Submitted to: Meeting Abstract
Publication Type: Abstract Only
Publication Acceptance Date: 10/4/1996
Publication Date: N/A
Citation: Interpretive Summary:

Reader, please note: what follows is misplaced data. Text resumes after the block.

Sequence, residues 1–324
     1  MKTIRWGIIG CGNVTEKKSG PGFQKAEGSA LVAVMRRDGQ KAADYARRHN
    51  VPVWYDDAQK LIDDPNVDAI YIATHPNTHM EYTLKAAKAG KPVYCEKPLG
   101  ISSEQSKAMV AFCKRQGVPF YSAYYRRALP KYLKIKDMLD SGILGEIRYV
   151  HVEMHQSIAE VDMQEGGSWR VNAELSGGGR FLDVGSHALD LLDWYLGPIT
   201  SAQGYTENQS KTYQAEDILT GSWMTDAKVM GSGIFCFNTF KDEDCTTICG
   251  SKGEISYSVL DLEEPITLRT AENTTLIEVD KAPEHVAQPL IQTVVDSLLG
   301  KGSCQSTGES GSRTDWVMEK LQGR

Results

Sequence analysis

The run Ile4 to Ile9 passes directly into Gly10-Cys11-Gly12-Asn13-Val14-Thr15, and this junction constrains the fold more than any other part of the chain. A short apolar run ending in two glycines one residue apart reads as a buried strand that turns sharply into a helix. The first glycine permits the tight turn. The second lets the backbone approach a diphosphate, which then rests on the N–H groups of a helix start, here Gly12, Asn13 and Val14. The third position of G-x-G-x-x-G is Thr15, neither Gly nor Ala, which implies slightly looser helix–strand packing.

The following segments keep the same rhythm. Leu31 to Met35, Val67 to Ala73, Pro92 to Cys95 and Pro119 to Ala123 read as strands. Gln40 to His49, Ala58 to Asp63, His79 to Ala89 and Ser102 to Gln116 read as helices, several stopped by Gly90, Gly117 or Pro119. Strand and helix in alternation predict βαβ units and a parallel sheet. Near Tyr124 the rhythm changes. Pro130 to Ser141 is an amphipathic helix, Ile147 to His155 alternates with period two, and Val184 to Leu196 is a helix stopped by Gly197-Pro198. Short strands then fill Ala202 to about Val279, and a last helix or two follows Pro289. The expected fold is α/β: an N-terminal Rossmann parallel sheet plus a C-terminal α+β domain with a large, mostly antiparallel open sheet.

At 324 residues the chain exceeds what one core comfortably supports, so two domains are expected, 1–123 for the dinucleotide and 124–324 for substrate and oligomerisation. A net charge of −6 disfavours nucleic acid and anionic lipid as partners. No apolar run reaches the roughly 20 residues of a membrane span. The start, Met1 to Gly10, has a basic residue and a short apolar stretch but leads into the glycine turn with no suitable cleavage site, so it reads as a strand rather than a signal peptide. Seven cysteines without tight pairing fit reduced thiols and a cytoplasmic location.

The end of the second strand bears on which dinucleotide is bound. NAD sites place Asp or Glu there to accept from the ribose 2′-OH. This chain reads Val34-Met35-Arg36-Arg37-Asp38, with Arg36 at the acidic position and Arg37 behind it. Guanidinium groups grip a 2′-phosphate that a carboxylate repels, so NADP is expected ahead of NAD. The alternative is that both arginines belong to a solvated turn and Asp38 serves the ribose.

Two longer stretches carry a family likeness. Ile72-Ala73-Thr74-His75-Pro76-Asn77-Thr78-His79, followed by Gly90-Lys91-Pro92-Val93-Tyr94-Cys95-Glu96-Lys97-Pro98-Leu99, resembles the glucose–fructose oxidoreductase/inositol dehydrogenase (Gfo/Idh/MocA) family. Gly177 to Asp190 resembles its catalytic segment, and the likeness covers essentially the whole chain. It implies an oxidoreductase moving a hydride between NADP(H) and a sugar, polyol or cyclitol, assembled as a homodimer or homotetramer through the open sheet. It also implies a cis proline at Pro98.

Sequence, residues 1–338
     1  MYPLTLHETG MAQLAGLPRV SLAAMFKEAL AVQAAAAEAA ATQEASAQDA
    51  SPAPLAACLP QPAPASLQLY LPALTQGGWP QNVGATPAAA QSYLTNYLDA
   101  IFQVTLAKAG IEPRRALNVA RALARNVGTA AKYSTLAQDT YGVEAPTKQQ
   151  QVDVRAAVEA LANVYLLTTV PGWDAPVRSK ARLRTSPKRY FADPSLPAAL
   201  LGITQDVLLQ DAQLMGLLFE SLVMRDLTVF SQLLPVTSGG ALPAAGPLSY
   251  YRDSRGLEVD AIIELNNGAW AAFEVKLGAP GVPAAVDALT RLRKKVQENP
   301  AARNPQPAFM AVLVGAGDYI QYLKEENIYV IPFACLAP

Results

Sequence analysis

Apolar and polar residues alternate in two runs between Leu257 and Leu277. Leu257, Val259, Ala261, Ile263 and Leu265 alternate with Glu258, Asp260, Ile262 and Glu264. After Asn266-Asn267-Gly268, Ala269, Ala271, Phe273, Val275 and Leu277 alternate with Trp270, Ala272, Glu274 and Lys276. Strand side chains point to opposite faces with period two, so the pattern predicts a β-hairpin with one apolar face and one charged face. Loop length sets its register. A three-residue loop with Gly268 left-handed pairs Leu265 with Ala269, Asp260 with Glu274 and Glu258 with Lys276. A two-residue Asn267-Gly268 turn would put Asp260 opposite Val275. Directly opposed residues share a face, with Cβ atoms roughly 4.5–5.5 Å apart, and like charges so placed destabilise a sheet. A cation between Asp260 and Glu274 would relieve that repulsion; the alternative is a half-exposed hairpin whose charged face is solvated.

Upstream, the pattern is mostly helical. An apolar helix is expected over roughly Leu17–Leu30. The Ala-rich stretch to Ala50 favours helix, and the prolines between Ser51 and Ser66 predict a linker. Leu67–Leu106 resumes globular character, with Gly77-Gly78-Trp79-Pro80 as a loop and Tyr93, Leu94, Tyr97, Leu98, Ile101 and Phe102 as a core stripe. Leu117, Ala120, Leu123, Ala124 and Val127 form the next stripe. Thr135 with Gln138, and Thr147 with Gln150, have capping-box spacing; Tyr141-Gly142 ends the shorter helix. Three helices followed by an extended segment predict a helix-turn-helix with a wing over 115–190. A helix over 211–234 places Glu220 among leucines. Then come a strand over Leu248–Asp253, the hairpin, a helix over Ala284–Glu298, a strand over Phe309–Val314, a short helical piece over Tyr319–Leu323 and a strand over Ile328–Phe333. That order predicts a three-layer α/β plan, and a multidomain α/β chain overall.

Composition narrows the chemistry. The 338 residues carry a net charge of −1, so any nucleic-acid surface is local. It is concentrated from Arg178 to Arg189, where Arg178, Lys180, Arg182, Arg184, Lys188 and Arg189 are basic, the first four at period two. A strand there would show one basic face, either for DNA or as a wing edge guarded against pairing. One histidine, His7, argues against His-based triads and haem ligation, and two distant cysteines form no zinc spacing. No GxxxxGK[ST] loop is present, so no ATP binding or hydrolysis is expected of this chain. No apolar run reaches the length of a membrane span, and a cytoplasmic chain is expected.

Technical Abstract: As adult humans age, characteristic changes in body composition, physiological function and dietary intake of essential nutrients occur. Epidemiological studies suggest that decreases in skeletal muscle mass are associated with impaired strength, functional capacity and quality of life, and increased morbidity. Also, nutritional surveys indicate that many elderly consume less than recommended amounts of essential nutrients. The hypothesis that correction of inadequate nutrient intake ameliorates age-dependent deficits in physiological function has been examined for some nutrients. Women aged 66 to 79 y were fed diets containing either low (one-half the RDA) or adequate (RDA) dietary protein for 12 wk. Low protein intake was associated with negative nitrogen balance, decreased fat-free mass and impaired muscle function. No alterations in nitrogen balance, body composition or muscle function were seen in the adequate protein group. Supplemental vitamin E (727 mg alpha tocopherol/d for 48 d) provided to young and older men significantly reduced exercise-induced skeletal muscle damage. Importantly, the beneficial effect of vitamin E was more pronounced in the older than the younger men. The effects of altered magnesium intake on muscle magnesium concentration and energy expenditure during exercise were examined in postmenopausal women. As compared to a diet containing low magnesium (90 mg/2000 kcal/d) content, adequate magnesium (290 mg/2000 kcal/d) significantly increased skeletal muscle magnesium and increased the efficiency of energy production during ergocycle exercise. These examples emphasize the importance of adequate dietary nutritional intake to optimize physiological function in the elderly.